CoCoRo: 3D printed mini-submarine robots for marine exploration
To help us find hidden mysteries of the marine ecosystem, Underwater Autonomous Vehicles have become a norm. Since, these UAV are very expensive, inefficient and time consuming to build, student from various universities, led by Artificial Life Lab of the Karl-Franzens-University of Graz have developed 3D printed CoCoRo, Collective Cognitve Robots, which measure 6-inches long and 7-inches high. CoCoRo are a group of 40 mini-submarine robots, each weighing half a kilo, that work together to perform complex task underwater.
Made at economical cost, the lightweight 3D printed Collective Cognitve Robots are based on the concept of Swarm Robotics, which means the group of small robots are capable of working in collaboration with each other to carry out compound tasks at lower costs than a single advanced underwater robot. To perform the tasks in harmony, each CoCoRo bot is embedded with sensors that helps them navigate their surrounding and move in three-dimensions perceiving change in light and temperature.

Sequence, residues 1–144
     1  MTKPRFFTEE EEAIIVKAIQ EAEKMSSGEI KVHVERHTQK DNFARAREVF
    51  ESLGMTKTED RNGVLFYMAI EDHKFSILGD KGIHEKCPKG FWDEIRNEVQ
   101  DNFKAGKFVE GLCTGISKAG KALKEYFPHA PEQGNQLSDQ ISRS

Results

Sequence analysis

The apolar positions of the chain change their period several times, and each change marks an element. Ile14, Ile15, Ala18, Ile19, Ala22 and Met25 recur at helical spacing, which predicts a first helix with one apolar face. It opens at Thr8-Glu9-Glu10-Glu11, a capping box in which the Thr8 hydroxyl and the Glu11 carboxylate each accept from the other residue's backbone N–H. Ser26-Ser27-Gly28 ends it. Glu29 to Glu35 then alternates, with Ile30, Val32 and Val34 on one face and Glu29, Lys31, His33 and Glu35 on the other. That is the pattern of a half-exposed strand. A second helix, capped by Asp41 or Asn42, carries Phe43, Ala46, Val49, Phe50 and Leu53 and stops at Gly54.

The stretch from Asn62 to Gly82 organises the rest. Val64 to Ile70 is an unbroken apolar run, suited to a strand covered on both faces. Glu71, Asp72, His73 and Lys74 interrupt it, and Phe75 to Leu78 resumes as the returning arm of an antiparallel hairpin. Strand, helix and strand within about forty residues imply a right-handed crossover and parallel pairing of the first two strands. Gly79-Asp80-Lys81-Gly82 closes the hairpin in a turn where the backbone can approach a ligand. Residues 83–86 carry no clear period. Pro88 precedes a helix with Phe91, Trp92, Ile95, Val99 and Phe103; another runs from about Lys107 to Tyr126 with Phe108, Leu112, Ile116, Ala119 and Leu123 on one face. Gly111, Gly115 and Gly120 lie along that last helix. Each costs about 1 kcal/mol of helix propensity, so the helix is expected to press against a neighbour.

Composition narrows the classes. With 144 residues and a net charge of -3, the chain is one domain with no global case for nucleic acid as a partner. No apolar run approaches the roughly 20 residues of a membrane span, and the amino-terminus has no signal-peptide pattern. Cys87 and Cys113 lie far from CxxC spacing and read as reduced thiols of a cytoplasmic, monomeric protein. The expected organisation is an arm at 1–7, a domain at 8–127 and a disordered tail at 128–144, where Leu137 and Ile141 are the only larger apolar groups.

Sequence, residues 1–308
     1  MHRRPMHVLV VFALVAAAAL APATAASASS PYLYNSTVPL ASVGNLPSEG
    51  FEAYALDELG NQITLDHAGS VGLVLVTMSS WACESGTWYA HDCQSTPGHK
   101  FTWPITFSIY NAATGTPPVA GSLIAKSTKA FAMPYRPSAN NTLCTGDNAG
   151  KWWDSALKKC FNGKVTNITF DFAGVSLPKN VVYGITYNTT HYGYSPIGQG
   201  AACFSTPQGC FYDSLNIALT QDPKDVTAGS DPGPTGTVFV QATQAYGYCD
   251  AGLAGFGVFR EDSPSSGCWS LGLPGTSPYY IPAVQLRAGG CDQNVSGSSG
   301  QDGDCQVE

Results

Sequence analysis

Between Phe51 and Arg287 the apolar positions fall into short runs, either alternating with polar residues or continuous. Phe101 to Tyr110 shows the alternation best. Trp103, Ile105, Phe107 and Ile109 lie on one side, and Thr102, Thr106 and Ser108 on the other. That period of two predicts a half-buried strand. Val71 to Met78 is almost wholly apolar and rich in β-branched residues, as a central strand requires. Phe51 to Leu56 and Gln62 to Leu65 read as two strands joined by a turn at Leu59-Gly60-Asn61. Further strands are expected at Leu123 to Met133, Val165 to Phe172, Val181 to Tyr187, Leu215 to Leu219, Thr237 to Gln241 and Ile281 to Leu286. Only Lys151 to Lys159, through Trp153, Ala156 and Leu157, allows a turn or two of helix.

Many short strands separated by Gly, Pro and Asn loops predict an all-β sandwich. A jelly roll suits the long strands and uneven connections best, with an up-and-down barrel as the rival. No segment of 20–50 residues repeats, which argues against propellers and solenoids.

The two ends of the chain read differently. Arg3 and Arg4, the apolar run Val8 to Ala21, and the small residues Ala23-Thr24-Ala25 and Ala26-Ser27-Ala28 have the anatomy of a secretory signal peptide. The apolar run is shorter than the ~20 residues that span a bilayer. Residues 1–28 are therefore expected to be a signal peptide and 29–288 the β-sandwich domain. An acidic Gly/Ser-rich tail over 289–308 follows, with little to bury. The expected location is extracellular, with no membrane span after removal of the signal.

In order to communicate with each other most effectively, the robots are equipped with sensors to predict sound and simulate bioelectric fields. The bots also use blue LED embedded ohi hi on their body to communicate through light signals. Interestingly, the Collective Cognitve Robots are fitted with propellers and artificial swim bladders, which keep them afloat in all kinds of waters.
University of Graz has worked in collaboration with Scuola Superiore Sant’Anna, Italy, University of Stuttgart, Germany, University of York, UK, and the Université Libre de Bruxelles, Belgium to develop the CoCoRo. Collective Cognitve Robots project has received 3 million euros as funding and is in its final phase. The CoCoRO will be tested sometime in fall this year.